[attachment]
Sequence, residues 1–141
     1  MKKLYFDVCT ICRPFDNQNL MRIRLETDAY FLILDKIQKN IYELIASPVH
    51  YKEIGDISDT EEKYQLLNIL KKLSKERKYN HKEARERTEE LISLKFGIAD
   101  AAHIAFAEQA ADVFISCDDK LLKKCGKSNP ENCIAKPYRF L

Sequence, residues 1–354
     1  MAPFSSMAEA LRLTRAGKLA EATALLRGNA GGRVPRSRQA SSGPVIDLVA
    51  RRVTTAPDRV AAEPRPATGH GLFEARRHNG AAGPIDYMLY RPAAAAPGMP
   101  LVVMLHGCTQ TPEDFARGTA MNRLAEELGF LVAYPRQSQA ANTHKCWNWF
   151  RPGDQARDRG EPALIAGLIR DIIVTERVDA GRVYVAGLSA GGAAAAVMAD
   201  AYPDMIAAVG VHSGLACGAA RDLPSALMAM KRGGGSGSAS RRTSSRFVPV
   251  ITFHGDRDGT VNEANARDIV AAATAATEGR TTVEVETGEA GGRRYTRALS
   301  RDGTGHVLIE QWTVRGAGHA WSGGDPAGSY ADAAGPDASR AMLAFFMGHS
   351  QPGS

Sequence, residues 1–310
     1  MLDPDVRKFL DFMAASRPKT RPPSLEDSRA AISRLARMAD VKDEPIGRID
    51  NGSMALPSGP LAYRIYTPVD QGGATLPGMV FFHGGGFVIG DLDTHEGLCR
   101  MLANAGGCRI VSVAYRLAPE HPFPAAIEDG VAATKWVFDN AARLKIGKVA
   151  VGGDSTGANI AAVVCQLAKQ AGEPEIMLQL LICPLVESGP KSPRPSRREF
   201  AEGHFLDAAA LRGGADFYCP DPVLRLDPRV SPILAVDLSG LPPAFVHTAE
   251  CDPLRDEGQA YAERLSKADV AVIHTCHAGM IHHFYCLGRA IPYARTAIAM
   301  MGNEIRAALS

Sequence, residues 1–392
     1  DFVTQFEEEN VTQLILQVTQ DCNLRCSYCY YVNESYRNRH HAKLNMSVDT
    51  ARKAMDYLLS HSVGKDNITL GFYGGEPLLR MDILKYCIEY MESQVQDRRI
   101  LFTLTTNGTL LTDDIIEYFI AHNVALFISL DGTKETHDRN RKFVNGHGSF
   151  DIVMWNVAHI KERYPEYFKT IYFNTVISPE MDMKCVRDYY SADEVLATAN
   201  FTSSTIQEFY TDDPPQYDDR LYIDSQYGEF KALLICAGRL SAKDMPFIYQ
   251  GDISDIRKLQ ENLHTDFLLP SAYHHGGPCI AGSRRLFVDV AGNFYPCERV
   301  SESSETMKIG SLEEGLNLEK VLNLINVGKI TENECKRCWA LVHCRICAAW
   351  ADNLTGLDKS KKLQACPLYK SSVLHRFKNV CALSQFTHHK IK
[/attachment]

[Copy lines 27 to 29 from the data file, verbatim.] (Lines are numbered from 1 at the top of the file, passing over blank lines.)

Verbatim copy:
   201  FTSSTIQEFY TDDPPQYDDR LYIDSQYGEF KALLICAGRL SAKDMPFIYQ
   251  GDISDIRKLQ ENLHTDFLLP SAYHHGGPCI AGSRRLFVDV AGNFYPCERV
   301  SESSETMKIG SLEEGLNLEK VLNLINVGKI TENECKRCWA LVHCRICAAW